Thanks to Anchoress for this story from National Catholic Reporter every so often a particular Catholic woman's vision and accomplishments make her a celebrity. Such was the case with Mother Teresa, and in the small Central American nation of Honduras, such is the case with another formidable nun: Franciscan Sr. S, founder of the Sociedad Amigos de los Niños...... Leggol's confidence in divine providence is legendary, if also sometimes a bit frustrating to her more practical-minded associates, who wonder how they're going to pay the bills and care for all the kids she agrees to receive. (Her motto is, "We always have room for one more.")
To take just one example, Leggol used to be a frequent visitor to the main penitentiary in Tegucigalpa. (She says the only good thing about Hurricane Mitch is that it knocked the structure down, which she described as filthy and inhuman.) On one visit during the 1980s, she saw 40 kids living in conditions she called "fit only for animals," and without hesitation she told the prison authorities that she was going to take them in. Impulsively, she flagged down a passing bus and asked the driver to transport her and the kids, despite the fact that her homes were already bursting at the seams. When they arrived, Leggol said she got off the bus first and spoke to her staff. "Curse me later," she recalls telling them. "But for now, put on happy faces and make these children feel welcome."
The children got off the bus, and the worried staff did their best to be upbeat. Yet, Leggol said, the undertone of fear about how they were going to accommodate the new influx was palpable. Just as the bus pulled out, Leggol said, a large truck pulled into the compound. To everyone's astonishment, on board was an unexpected and unannounced gift from a local benefactor who happened to own a furniture store: 40 new beds, exactly the number they happened to need.
This reminds me of something Jim Erwin, a coworker with HelpingTulsa told me. Frequently a company would bring a large load of computers to be refurbished, and he knew that pretty soon after they arrived someone would come in needing a large number of computers. A need that could be filled based on the large delivery we had just received.That remarkable coincidence seemed a sure sign of divine favor, but one doubting Thomas in the group nevertheless ventured: "Okay, they can sleep, but how are we going to feed them?" As if on cue, Leggol said, another unexpected truck arrived, this one groaning with donated surplus food from the United States Air Force: ham, sausages, eggs, and other staples of the American diet that seem luxuries to many poor Hondurans.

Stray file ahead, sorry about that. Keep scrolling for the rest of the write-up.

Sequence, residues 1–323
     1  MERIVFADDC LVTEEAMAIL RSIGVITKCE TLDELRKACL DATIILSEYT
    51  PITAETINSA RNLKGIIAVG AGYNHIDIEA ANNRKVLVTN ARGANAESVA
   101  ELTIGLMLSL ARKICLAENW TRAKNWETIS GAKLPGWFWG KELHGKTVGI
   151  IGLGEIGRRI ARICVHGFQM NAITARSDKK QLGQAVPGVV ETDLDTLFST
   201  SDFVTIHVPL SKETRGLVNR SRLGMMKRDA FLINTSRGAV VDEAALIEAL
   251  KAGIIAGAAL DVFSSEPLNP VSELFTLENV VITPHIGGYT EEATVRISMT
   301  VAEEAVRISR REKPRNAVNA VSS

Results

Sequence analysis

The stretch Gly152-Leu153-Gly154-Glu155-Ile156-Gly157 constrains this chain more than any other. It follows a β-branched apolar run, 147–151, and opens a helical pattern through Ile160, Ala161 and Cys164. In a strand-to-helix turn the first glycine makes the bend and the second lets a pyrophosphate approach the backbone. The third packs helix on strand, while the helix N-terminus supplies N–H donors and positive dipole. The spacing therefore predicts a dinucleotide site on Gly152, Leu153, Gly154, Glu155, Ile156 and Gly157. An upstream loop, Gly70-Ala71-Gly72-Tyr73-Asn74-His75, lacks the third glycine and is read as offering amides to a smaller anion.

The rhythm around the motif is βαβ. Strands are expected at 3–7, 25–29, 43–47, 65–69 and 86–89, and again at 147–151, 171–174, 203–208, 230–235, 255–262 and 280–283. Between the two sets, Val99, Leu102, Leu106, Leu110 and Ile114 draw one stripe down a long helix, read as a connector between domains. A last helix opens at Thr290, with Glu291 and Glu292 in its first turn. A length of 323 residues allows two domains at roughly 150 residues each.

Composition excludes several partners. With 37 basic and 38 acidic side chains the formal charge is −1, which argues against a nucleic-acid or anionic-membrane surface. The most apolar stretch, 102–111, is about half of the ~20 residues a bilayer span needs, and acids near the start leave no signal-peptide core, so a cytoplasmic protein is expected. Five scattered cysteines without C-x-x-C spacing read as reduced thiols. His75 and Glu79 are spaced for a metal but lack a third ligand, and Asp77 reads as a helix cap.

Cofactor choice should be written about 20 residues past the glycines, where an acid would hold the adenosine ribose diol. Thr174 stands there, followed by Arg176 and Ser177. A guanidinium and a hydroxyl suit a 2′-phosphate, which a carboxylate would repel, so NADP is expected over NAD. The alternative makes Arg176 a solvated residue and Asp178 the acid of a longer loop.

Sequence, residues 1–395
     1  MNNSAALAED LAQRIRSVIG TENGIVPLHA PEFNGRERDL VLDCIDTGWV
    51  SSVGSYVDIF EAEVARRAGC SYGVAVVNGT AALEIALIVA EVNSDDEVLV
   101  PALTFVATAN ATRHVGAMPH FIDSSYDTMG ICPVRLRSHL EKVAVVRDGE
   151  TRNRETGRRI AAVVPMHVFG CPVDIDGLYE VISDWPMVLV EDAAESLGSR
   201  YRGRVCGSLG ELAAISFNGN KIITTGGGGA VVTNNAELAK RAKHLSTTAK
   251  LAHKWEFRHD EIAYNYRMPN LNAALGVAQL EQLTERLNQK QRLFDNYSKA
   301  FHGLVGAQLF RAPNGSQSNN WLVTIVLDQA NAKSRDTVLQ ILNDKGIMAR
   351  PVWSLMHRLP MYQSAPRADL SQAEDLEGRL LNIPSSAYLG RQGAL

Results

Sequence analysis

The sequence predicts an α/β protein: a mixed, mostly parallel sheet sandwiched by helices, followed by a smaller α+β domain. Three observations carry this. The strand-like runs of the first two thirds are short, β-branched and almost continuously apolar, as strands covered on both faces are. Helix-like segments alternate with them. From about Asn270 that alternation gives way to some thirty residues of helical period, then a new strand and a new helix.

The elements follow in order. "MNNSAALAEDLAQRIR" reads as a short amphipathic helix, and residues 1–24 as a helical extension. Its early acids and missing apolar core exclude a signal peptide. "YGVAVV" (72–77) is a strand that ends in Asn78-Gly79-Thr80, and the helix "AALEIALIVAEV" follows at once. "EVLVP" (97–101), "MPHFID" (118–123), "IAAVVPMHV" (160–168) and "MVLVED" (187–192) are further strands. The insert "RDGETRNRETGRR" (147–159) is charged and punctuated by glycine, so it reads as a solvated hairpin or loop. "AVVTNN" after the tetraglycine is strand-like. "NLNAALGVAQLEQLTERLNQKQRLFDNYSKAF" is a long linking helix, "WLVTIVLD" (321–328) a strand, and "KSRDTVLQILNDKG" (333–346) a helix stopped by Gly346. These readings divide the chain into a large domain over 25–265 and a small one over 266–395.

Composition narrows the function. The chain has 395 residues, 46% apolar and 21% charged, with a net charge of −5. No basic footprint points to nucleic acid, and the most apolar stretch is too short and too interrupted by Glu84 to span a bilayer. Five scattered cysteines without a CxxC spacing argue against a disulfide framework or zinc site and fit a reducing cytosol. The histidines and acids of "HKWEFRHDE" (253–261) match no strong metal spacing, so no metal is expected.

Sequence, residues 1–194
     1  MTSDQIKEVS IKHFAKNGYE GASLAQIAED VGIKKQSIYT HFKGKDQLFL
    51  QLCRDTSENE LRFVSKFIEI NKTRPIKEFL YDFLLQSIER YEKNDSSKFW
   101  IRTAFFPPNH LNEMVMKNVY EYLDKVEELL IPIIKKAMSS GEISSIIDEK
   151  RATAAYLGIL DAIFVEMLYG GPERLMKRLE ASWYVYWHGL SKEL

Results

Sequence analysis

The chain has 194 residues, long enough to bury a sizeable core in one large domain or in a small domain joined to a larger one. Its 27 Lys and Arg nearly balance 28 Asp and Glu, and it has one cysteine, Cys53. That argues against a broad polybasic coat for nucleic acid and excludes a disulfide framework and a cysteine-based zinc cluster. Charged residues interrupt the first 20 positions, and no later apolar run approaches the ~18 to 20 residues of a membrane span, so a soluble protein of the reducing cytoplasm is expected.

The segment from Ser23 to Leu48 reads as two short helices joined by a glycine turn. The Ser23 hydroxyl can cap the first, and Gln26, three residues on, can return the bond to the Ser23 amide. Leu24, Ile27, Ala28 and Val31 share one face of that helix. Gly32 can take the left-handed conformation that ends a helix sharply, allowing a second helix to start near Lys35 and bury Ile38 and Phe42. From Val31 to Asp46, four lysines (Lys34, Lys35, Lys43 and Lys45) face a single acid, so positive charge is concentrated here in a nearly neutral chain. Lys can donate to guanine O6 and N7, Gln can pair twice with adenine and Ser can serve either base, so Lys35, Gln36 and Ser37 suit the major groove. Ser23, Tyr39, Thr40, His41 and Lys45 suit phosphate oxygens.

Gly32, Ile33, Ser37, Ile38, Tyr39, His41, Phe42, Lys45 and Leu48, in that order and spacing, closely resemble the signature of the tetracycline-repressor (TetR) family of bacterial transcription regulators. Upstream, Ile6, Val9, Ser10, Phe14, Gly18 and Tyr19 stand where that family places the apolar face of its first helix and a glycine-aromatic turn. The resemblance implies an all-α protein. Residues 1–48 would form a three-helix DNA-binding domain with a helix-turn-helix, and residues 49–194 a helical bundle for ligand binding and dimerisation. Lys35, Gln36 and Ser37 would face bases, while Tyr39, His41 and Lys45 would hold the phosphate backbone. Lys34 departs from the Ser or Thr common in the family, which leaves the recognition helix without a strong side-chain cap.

A similar incident, also from HelpingTulsa: We had a large number of our Children's Image and I called Tulsa Public Schools, to see which of the elementary schools was in a low income area, and we would offer them computers they could give to some of their better students so they could have a computer at home. One of the guidance councelors came to pick up the 10 machines for her school, and I told her be sure to get the Children's Image and not the Super Child image, because those were ones we gave to church schools. As soon as she got Hawthorne Elementary's computer to the school she called again and ask if she and her pastor could come and get some for their church. I told her yes, and they both came over. He said he had just been talking to someone the previous day saying they should figure out some way of helping educate the children in the church. I told him that is how God works. He has the answer ready for you almost before you realize the need."We ate for a month and a half from that truck," Leggol said. Given such experiences, it's not difficult to understand why Leggol is convinced that God wants her work to continue. It's also easier to understand her iron will.